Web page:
When hiring for startups/product companies, you will come across candidates who are rejected for not knowing ‘basics’. For these companies, it is very important that candidates should have strong computer fundamentals irrespective of the tech stack they are working on.
There are many language agnostic things that can be looked into — e.g. candidates with strong exposure to data structures, algorithms, design patterns form the basic search.
Additionally, for startups below indicators play a vital role, that may tip the balance in favor of these candidates:
- A high learning quotient
- Hunger to improve dev skills by disciplined effort.
- Ability to zoom-in on what matters and to prioritize.
- Focus on delivering value and making an impact.
- Good communication skills.
Figuring out whether candidates have these qualities might seem a little difficult from just their profiles online but you can make inferences from some signals that might indicate these qualities.
High learning quotient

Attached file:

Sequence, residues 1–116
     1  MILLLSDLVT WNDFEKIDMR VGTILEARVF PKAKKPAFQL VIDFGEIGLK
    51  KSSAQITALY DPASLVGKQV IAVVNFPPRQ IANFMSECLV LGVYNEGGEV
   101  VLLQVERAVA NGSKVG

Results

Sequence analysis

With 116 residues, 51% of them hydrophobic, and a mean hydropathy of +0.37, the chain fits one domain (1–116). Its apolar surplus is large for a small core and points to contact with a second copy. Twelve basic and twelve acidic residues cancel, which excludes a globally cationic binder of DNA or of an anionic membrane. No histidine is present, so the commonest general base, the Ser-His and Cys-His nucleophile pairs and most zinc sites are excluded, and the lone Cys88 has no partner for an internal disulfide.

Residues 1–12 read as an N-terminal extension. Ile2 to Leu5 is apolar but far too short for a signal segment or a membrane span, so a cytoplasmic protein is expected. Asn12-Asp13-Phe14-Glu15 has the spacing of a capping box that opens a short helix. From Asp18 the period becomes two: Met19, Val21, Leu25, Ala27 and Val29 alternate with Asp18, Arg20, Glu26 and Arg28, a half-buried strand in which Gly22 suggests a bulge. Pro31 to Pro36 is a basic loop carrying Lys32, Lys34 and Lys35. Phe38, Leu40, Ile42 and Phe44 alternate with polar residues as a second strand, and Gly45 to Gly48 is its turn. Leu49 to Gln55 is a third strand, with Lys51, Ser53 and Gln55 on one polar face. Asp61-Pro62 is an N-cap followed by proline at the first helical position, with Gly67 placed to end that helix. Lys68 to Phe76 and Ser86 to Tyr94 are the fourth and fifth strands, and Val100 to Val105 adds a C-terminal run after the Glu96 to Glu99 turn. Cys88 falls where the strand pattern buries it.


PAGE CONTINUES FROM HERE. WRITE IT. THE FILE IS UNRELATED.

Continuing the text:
- Has mastery over one editor / IDE, doesn’t matter which one, but she should know most keyboard shortcuts.
- Has tinkered with non-mainstream programming languages like Scheme, Haskell, Golang, Rust, Erlang, Elixir, CommonLisp, etc.
Hunger to improve dev skills by disciplined effort
- Has read the manuals for whichever language/frameworks he/she has worked on.
- Has read any foundation technical books e.g. SICP, Domain Driven Design, Code Complete, Pragmatic Programmer.
- Has been a hobby programmer / Likes participating in coding competitions , hackathons.
Ability to zoom-in on what matters and to prioritize
Has started a business or been a startup co-founder or been an early employee. — Has worked at a consulting org or has worked directly with customers.
Good communication skills
Has posted a well-written blog entry.
Has interesting side-projects. Hacks on code / tinkers with hardware / writes / blogs / plays musical instruments / paints / etc.
Focus on delivering value and making an impact
Has a valuable open source project on Github or elsewhere.
Has contributed to any popular open source project — could be code, documentation, bug fixes, design, or participating on the mailing-list, etc.
These attributes are great to look out for because they often are the difference between candidates who get offers at startups/product companies and those that do not.
Post By: Raghu tenneti